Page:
“While there’s no right-or-wrong, formulaic answer, what’s important is that the team aligns,” says Sakamoto. “And that the team knows how to make that clear. Because if roles and responsibilities are not clear internally, I can guarantee that’ll be very obvious to your customers.”

For Depa at Gainsight, the customer journey starts at the buying stage. The sales cycle provides vital insights into the customer’s long-term strategic goals. Collaboration between sales and customer success teams early on can ultimately help your customer reach their growth goals, while also helping your organization achieve a better NDR rate.

It’s up to everyone at your company supporting customers to ensure your solution is delivering the value that meets each customer’s unique needs, continuously.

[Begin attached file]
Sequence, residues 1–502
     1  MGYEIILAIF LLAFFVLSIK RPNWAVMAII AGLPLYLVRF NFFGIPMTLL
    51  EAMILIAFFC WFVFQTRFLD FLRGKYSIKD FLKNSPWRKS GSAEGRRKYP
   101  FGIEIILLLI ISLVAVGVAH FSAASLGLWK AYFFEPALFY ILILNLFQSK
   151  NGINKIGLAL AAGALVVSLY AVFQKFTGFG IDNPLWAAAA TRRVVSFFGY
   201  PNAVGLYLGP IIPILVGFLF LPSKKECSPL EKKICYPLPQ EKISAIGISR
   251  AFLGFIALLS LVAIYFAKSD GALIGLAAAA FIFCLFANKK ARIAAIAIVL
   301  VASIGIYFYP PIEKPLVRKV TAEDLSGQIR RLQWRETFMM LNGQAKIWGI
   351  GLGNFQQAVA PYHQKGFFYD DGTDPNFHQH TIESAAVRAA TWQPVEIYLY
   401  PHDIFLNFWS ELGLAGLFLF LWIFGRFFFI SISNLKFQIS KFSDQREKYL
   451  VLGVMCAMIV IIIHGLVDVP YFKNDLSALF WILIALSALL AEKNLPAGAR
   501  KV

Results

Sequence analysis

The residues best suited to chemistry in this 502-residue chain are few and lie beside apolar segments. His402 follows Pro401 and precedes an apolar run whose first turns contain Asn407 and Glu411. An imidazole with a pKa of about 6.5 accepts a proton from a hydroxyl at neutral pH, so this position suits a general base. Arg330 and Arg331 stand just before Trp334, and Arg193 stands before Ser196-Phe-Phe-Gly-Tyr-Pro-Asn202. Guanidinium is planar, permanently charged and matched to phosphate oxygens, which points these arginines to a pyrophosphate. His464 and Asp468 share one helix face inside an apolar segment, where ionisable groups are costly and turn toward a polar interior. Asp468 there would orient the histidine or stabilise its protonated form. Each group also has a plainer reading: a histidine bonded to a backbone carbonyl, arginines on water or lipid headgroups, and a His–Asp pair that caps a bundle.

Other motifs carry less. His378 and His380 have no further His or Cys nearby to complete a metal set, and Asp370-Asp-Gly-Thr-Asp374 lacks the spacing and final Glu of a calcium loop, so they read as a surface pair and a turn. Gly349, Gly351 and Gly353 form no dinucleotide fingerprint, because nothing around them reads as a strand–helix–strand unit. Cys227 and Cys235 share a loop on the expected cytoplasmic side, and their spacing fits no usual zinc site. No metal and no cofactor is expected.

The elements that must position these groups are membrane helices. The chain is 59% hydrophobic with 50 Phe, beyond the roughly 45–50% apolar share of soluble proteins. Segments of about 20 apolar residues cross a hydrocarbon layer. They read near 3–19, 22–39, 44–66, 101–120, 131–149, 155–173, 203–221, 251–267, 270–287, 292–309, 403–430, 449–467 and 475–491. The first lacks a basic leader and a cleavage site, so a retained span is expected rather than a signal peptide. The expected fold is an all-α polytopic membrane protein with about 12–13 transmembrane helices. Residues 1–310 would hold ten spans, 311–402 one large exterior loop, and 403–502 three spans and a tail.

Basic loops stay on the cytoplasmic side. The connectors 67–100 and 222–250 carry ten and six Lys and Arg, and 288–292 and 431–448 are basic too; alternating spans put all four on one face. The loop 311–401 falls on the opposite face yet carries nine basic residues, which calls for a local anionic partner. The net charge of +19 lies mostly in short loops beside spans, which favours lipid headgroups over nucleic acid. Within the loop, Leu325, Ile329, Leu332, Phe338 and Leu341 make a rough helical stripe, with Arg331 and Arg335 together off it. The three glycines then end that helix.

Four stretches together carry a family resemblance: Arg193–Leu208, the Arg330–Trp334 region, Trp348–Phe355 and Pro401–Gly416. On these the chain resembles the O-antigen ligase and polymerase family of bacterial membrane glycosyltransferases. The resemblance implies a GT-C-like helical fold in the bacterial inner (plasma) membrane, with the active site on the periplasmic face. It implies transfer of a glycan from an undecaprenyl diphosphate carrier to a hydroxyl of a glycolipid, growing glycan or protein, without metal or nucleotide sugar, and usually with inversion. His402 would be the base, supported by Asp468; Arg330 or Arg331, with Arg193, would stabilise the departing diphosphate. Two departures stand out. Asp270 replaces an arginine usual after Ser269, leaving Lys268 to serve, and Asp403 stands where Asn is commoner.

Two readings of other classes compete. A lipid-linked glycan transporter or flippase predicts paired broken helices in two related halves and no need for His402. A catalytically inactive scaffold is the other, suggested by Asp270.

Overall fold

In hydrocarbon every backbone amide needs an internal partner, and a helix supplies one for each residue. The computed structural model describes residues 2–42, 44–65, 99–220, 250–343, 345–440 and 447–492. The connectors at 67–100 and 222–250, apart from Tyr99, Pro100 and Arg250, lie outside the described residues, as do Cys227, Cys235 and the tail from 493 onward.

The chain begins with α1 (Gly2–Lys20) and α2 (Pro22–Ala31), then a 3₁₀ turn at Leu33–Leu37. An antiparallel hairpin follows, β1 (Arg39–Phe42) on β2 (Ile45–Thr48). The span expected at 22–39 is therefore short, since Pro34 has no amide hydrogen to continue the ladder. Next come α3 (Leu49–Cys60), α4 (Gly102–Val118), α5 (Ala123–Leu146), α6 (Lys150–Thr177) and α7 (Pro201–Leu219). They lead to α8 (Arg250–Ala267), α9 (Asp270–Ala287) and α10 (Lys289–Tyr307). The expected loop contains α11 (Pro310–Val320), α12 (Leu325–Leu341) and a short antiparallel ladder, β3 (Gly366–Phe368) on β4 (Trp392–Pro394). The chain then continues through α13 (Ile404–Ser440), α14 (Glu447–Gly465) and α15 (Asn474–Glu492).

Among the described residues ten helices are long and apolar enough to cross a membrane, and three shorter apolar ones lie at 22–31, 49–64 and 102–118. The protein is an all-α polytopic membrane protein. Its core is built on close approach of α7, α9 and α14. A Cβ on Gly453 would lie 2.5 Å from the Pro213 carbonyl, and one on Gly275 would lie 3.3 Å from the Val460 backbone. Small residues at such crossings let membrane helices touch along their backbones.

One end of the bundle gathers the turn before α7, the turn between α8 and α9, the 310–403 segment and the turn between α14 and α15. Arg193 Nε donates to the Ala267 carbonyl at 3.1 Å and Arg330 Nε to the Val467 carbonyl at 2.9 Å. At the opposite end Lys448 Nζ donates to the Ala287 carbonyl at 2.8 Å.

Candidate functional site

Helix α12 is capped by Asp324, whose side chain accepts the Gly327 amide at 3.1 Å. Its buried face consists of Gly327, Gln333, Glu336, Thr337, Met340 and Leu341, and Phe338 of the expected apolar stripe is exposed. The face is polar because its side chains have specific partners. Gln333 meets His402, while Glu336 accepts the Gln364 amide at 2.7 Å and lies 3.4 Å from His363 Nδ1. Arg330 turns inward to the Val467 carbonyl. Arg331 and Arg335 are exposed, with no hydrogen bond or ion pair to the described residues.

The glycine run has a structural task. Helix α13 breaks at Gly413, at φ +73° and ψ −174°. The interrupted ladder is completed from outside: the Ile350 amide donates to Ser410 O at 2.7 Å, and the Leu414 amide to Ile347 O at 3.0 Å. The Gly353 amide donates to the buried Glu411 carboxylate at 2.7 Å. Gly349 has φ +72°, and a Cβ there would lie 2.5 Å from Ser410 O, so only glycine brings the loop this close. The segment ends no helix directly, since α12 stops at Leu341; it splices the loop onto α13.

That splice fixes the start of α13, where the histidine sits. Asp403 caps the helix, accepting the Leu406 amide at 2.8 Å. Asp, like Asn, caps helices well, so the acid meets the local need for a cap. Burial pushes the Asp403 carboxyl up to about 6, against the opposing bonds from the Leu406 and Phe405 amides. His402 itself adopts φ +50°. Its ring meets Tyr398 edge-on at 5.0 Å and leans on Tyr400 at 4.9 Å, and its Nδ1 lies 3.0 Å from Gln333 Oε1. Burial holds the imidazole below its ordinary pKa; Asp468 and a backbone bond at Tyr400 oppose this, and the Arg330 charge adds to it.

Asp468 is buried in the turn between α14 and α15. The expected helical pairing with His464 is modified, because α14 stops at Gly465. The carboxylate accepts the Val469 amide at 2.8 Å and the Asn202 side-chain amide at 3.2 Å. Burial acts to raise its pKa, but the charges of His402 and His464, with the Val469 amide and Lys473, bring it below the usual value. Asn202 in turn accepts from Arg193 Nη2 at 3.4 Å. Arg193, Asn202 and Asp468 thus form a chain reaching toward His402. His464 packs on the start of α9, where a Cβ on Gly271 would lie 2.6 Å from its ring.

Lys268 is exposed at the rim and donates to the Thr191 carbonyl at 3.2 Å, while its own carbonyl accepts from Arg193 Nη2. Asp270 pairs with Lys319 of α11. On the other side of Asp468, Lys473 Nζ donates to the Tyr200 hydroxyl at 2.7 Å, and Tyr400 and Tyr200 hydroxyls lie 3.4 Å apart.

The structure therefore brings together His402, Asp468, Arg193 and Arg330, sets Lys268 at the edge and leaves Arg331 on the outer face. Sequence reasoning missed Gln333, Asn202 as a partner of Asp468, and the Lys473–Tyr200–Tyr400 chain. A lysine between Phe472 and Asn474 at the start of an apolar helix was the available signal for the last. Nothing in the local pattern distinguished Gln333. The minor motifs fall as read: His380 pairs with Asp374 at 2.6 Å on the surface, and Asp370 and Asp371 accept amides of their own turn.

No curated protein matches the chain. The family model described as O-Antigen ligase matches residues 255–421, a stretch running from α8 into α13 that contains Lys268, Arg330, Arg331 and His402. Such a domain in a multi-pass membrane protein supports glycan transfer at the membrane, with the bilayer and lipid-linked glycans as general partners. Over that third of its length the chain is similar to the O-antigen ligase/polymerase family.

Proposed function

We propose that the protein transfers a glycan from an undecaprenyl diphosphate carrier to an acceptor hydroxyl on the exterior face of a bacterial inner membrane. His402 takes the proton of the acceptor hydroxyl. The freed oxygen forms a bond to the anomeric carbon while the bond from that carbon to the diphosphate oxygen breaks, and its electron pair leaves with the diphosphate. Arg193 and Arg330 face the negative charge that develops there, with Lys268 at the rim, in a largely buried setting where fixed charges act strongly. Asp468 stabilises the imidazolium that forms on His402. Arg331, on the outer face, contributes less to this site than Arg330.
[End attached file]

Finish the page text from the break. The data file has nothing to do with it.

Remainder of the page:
“We talk a lot about the customer journey, but it’s also really important to start before someone becomes a customer,” says Depa. “We’ve spent a lot of time understanding the buyer’s journey. When you do that, you understand that your customers join you at different points in their capability, maturity curve with regard to the product you’re bringing to market.”

Erasing the line between pre-sales and post-sales

While defining team roles is important for your organization’s internal planning structure, the customer shouldn’t see that distinction externally. Categorizing certain activities as either pre- or post-sales draws a clear line between two functions that are fundamentally connected from the customer perspective.